From research to action: Oral Misoprostol for preventing postpartum haemorrhage during home delivery in rural Bangladesh
Keywords:Misoprostol, Postpartum haemorrhage, Uterotonics, Home birth, Rural Bangladesh
While Bangladesh has experienced a remarkable 40% decline in maternal mortality over the past ten years, it remains a major health problem. Postpartum haemorrhage (PPH) is one of the most prevalent preventable causes of maternal mortality in the country, accountable for over a quarter of the deaths. In Bangladesh, over 70% of the births take place outside health centres, mostly in poor rural areas. This leads to lack of access to conventional injectable uterotonics (i.e. oxytocin) during the third stage of labour to prevent or treat PPH. The purpose of this paper is to discuss the use of oral misoprostol as an intervention to prevent PPH in rural Bangladesh during home births that take place without trained birth attendants. A review of the existing literature in electronic database, shows robust evidence from Randomised Controlled Trials (RCTs)on the effectiveness of oral misoprostol in preventing PPH. Misoprostol has proved significantly effective (RR 0.58, CI 0.380.87) in reducing PPH incidence and to go have a very good safety profile. Furthermore, field trials and operational studies have already proven the feasibility, acceptance and safety of scaling up the use of misoprostol in rural Bangladesh. Therefore, we recommend oral misoprostol to be included in the National Maternal Health Strategy as an intervention to control PPH during home birth in rural Bangladesh.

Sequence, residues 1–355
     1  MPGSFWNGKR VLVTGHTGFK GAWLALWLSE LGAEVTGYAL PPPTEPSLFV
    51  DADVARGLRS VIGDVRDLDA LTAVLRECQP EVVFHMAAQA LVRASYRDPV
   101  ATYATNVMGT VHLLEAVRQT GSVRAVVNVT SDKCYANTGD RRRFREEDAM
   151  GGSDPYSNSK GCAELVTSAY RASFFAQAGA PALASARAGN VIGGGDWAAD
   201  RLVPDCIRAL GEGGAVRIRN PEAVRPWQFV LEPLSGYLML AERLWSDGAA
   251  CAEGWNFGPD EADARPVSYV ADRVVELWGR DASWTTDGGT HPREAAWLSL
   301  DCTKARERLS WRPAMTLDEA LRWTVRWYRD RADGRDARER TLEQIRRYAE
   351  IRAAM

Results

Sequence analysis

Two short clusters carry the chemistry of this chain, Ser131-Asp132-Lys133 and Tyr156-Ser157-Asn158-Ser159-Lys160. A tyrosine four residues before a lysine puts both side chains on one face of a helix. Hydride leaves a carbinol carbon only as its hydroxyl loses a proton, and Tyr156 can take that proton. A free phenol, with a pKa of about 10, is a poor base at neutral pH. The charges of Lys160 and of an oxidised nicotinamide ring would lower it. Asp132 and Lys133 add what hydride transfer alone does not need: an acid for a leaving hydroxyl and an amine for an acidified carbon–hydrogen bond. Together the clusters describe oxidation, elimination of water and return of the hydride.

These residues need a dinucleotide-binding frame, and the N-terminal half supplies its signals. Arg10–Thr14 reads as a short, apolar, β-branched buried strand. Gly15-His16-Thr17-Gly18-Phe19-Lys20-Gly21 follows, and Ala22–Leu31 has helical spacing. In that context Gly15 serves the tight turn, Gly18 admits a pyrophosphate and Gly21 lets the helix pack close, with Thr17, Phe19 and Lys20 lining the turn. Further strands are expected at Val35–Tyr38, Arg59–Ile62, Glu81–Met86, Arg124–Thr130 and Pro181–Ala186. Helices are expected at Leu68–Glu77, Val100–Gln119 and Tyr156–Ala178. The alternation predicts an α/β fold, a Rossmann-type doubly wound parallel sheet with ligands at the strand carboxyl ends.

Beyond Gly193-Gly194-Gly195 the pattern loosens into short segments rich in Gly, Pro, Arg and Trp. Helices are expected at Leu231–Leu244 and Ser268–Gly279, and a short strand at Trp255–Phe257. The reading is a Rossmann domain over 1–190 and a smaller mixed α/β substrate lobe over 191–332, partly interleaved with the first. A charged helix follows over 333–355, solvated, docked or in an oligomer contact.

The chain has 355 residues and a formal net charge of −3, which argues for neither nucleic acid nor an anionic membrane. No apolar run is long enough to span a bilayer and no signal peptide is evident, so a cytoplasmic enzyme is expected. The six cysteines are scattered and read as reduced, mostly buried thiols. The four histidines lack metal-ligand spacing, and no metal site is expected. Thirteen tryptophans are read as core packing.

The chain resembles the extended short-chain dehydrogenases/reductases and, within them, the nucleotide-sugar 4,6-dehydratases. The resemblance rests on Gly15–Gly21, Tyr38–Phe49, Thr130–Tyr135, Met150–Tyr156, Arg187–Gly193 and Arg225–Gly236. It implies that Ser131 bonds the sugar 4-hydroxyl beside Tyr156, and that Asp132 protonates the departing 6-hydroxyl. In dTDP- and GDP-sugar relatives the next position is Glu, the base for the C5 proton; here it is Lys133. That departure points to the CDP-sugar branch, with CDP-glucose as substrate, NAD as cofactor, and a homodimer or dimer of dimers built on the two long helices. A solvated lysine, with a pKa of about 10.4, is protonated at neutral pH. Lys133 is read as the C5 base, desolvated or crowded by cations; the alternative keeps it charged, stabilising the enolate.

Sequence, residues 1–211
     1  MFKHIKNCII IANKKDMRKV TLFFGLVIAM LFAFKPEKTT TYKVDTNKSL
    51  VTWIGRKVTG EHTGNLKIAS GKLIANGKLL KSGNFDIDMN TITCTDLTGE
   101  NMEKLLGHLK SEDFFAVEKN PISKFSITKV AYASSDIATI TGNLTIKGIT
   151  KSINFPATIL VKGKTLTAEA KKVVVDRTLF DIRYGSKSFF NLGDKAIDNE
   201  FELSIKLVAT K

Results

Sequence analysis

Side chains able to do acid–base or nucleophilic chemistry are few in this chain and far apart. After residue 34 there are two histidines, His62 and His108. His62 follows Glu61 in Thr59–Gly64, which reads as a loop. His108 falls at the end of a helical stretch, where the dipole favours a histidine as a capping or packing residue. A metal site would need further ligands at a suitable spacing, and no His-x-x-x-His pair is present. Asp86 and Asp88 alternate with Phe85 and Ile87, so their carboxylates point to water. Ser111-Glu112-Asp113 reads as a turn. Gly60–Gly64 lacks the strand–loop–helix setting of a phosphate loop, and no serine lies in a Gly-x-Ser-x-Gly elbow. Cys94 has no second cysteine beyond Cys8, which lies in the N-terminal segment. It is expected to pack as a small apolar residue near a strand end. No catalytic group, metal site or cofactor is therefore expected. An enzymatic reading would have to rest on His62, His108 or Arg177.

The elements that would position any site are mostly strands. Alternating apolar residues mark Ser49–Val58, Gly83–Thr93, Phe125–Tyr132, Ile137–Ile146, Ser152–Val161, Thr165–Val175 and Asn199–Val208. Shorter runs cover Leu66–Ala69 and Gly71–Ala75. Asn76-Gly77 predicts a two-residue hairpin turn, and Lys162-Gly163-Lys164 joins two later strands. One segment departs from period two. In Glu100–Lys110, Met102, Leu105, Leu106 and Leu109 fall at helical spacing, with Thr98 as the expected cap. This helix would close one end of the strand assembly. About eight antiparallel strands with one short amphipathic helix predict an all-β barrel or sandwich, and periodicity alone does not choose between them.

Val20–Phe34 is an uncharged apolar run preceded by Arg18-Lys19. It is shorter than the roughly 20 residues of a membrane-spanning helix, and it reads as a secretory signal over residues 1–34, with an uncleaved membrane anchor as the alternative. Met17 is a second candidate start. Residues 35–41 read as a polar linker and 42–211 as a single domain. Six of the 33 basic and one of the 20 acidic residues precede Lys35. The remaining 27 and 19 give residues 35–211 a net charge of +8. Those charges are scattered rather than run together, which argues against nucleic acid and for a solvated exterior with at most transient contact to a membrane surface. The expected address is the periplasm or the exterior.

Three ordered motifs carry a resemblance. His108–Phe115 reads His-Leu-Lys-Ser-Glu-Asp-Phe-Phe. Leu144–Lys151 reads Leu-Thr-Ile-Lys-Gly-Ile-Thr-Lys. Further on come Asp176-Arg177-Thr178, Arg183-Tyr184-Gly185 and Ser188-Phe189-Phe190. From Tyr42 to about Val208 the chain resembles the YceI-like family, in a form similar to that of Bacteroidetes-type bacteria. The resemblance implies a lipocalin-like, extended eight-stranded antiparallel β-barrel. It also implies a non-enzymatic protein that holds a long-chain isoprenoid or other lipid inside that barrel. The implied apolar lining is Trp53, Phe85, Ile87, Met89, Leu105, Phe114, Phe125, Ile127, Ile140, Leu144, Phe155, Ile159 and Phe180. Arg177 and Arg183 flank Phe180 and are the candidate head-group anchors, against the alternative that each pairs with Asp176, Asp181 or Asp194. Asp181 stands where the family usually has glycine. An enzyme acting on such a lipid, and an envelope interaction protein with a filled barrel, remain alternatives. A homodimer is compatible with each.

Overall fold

South East Asia Journal of Public Health Vol.4(2) 2014: 2-6
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